Rationalist Storybooks: A Challengepost by MBlume · 2009-03-18T02:25:30.475Z · LW · GW · Legacy · 37 comments
Follow-Up to: On Juvenile Fiction
Related to: The Simple Truth
I quote again from JulianMorrison, who writes:
If you want people to repeat this back, write it in a test, maybe even apply it in an academic context, a four-credit undergrad course will work.
If you want them to have it as the ground state of their mind in everyday life, you probably need to have taught them songs about it in kindergarten.
Imagine a world in which 8-year olds grok things like confirmation bias and the base-rate fallacy on an intuitive level because they are reminded of their favorite childhood stories and the lessons they internalized after having the story read to them again and again. What a wonderful foundation to build upon.
With this in mind, here is my challenge:
Look through Eliezer's early standard bias posts. Can you convey the essential content of one of these posts in a 16-page picture book, or in a nursery rhyme children could sing while they skip rope?
Write the story, and post it here. Let's see what we can come up with.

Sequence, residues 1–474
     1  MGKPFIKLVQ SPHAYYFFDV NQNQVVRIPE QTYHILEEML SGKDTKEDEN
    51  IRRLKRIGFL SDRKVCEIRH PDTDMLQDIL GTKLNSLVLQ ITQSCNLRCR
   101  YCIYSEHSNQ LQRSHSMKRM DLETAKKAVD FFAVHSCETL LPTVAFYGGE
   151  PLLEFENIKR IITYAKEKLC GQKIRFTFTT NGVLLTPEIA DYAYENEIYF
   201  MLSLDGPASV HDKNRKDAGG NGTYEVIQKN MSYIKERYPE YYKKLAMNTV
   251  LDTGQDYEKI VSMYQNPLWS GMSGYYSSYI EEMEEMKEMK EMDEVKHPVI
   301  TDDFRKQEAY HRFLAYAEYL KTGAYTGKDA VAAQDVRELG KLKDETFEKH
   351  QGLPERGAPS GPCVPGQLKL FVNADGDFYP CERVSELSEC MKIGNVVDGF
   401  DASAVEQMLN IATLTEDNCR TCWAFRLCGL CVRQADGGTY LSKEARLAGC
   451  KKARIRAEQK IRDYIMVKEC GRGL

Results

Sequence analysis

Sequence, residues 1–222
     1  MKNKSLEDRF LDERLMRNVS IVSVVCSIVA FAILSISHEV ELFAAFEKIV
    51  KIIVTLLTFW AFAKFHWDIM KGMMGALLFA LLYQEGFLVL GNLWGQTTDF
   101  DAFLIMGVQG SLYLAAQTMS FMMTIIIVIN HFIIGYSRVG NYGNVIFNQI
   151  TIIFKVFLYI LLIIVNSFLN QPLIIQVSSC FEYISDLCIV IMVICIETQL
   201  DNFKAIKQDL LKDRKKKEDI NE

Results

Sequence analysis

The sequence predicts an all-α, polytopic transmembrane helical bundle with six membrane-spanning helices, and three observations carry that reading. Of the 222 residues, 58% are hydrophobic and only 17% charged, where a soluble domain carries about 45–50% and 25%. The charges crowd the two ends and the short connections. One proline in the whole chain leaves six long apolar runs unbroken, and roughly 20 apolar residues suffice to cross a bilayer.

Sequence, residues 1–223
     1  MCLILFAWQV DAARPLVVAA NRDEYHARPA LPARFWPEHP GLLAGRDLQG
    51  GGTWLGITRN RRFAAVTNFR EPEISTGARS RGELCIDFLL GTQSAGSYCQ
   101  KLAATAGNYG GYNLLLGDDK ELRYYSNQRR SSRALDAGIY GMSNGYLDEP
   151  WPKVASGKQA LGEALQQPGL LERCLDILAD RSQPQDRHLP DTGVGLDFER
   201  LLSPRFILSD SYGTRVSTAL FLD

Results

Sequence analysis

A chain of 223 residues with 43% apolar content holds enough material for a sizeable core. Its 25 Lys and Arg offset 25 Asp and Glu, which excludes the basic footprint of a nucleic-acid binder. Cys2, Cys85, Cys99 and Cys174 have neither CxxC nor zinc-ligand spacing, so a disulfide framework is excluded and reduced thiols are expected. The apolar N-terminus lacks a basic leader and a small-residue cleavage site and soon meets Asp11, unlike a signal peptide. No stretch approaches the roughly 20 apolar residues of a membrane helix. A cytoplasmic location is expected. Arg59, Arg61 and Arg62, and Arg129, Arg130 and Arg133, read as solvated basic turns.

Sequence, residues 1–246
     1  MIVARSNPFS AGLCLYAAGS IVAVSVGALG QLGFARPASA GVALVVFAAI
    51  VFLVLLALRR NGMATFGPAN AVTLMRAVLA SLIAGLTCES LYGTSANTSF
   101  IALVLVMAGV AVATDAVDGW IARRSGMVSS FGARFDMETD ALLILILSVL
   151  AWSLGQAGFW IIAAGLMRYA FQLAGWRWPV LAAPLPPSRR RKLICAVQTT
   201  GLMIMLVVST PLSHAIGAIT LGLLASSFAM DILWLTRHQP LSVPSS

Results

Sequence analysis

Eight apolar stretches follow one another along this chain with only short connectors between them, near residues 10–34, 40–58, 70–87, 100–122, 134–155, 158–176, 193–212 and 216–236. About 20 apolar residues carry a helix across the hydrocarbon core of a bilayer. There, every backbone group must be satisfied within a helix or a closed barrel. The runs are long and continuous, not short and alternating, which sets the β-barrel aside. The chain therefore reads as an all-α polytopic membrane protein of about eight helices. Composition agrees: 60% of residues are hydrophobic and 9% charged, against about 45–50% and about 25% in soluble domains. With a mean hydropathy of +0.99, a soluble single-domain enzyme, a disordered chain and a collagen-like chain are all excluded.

This is not, by any means intended to be a simple challenge. On the one hand, we are compressing a lot of information into a small space. On the other, good fiction is not easy, and children's fiction is no exception.
We have two options. We can humbly admit that we are not skilled writers of children's fiction and walk away, or we can determine that this is a task which needs to be completed, produce lots of really bad fiction, and begin the process of criticizing one another, learning from our mistakes, and growing stronger.
When I was a boy, I had a thick book of 365 short stories, some not even taking up a full page. Each was self-contained, and I could flip open the book at random and find a story I hadn't read before.
How quickly would our community grow, both in strength and in numbers, if we could crowdsource a
Rationalist's Book of Tales?
I know, I know. It's optimistic. It's ambitious. Most of all, it seems really silly.
Let's do it anyway.
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